Incheon International Airport Credit Incheon International Airport Corporation
Credit Incheon International Airport Corporation.

South Korea’s Incheon International Airport Corp (IIAC) expects air cargo to double, to 6m tonnes, this year, as manufacturers reorganise their supply chains and step up their “China plus One” strategy.

IIAC said on Thursday the airport, the main gateway to Seoul, had been growing as a link between China and the US, resulting in demand for warehousing seeing facilities surge from 1,000 sq metres a decade ago, to 20,000 sq metres now – thanks to the airport’s role as a global distribution centre for microchips and other strategic goods.

IIAC’s deputy GM (logistics sales), Lim Hoon, explained: “As part of ‘China plus One’, there is a demand for places to relocate cargo produced in China. The geographically feasible places are Taiwan, Hong Kong, Tokyo and Incheon.

“However, China-Taiwan relations have deteriorated and Hong Kong is politically close to China. While Tokyo is further from China, Incheon is closer and the free trade zone is in the hinterland, so it’s the most suitable location.”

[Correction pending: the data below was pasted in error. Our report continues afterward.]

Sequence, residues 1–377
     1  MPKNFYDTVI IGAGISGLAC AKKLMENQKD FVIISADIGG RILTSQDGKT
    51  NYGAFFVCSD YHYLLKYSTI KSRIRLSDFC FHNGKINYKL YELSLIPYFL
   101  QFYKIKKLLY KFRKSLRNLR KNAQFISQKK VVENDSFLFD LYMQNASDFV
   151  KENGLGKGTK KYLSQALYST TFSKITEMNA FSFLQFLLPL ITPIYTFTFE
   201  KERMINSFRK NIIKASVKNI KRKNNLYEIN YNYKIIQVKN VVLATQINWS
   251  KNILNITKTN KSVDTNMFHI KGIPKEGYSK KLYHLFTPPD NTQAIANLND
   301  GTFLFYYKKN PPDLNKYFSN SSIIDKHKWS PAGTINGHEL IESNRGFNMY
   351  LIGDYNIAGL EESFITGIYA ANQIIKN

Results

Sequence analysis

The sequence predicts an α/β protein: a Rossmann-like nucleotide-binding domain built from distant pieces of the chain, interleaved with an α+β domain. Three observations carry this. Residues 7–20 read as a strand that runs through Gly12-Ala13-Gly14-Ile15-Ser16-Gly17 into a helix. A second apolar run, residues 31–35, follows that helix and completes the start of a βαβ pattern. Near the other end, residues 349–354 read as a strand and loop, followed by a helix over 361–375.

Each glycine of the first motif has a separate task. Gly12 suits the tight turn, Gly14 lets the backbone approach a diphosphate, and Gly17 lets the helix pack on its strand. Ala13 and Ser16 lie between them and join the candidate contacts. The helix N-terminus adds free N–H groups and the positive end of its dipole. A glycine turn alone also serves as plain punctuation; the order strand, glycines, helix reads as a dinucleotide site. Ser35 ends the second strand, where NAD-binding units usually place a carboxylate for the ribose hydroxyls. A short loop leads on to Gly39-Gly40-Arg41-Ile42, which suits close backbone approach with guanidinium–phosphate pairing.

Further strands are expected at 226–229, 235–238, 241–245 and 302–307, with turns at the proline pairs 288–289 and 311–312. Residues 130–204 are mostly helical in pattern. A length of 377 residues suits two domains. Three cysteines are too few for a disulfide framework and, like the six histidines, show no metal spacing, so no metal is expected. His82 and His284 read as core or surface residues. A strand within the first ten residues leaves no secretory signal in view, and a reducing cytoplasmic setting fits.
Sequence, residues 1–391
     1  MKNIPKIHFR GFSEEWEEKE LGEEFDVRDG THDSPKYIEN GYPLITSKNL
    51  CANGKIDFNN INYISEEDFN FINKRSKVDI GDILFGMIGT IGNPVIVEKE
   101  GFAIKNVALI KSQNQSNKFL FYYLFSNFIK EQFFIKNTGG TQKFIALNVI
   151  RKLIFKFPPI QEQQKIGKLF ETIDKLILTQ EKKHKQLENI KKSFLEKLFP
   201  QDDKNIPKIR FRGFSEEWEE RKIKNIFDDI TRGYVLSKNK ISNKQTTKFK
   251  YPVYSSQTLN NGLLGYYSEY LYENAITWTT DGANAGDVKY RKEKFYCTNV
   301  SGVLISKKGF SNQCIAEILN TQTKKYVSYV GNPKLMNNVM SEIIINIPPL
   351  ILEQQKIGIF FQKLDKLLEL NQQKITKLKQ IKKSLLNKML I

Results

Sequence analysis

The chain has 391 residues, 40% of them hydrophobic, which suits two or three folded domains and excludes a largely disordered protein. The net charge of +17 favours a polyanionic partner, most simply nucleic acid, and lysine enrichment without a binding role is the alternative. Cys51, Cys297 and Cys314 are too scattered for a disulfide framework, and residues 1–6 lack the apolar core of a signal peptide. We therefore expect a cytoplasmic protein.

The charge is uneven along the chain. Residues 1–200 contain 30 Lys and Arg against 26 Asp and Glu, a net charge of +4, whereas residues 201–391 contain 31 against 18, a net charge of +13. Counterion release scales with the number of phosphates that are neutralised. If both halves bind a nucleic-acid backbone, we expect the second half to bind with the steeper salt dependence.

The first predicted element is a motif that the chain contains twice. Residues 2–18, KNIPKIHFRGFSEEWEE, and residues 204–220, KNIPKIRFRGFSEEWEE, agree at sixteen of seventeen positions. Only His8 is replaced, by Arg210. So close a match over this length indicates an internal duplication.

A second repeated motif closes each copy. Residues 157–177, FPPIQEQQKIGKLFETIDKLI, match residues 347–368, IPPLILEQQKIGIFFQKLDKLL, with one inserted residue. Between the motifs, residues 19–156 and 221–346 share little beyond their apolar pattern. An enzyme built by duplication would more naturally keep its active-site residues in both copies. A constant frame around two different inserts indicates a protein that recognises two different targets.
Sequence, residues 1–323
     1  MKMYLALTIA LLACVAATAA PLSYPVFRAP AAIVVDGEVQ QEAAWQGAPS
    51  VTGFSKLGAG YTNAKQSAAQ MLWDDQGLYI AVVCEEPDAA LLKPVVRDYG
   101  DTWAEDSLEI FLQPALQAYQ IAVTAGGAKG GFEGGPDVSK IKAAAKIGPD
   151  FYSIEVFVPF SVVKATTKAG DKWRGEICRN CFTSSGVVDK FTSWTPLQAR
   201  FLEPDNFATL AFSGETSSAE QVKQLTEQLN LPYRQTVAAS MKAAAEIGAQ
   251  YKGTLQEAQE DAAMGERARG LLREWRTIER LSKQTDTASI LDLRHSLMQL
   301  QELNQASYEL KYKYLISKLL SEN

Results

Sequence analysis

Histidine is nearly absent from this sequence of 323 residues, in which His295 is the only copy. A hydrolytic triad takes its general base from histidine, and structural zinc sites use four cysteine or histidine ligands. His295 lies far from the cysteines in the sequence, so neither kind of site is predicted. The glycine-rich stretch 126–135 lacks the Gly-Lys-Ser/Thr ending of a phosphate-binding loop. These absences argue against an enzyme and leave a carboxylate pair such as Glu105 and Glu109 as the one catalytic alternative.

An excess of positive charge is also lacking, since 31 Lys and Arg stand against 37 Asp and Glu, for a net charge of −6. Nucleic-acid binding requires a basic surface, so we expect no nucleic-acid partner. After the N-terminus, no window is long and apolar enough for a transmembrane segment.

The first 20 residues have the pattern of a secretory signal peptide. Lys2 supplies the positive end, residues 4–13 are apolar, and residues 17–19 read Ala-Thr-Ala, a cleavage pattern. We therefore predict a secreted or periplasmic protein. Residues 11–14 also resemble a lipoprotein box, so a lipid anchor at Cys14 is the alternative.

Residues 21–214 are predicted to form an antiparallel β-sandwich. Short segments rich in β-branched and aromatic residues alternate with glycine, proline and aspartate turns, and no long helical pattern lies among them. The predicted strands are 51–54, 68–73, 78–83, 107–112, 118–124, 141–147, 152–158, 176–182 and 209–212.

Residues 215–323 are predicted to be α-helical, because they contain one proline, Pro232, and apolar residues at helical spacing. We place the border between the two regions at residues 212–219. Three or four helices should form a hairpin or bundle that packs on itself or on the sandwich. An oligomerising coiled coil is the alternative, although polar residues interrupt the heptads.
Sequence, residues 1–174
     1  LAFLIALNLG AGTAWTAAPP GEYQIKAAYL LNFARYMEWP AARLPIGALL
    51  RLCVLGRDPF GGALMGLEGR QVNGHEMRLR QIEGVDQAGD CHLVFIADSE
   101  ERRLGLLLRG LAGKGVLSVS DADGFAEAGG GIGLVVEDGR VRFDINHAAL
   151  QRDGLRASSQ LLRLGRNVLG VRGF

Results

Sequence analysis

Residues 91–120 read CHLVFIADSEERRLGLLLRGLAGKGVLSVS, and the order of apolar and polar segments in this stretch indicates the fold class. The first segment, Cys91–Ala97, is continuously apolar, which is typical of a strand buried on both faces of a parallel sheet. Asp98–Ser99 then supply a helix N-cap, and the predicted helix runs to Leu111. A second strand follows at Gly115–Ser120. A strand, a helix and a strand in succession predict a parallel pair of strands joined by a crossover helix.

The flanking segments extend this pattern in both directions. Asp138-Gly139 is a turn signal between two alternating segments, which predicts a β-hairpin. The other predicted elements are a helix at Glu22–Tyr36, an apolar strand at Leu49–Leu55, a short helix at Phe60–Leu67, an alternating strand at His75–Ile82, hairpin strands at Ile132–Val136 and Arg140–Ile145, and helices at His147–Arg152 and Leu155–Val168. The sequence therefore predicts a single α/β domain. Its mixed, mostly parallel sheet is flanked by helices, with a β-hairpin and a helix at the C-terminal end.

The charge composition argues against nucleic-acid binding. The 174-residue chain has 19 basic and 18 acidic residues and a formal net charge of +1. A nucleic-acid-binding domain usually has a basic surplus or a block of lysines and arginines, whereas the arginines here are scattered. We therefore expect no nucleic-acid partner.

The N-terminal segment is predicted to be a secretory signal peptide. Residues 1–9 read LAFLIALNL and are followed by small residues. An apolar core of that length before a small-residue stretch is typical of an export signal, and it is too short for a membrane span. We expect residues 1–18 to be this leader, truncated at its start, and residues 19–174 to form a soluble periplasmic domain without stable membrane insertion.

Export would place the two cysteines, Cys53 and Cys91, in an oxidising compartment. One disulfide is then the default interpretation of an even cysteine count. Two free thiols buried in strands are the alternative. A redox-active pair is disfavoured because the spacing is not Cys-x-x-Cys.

Particularly, he added, transhipments through sea-and-air transport from China via IIA was increasing. Last year, such cargo grew 43% year on year, to 98,560 tonnes, and Chinese airports are the points of origin for all but one of IIA’s top transhipment routes, while eight out of the ten top destinations are US airports, such as Los Angeles and New York.

Mr Lim said: “In the second half of 2023, the increase in e-commerce cargo was the main reason for the increase in sea-and-air transport. This year, China Post has started flying cargo through Incheon and we expect sea-and-air volumes to increase again.”

He acknowledged there were doubts about whether China’s e-commerce export sales could really drive up air cargo volumes, particularly as the US Customs & Border Protection Agency had been intensifying inspections on imports to check for duty evasion. Reportedly, this has caused Chinese e-tailers to refrain from chartering flights to the US.

Mr Lim said: “According to local research, there is no full-scale inspection, but there are differences by region. Cities like Los Angeles and Dallas have stepped up their inspection rates for e-commerce and we’re seeing some backlogs.

“However, it’s difficult to completely halt the flow of Chinese goods into the US, as its consumers are familiar with Chinese e-commerce sites and goods. Furthermore, security issues and dangerous goods are filtered-out at Incheon, so it’s safer than being exported directly from China.”


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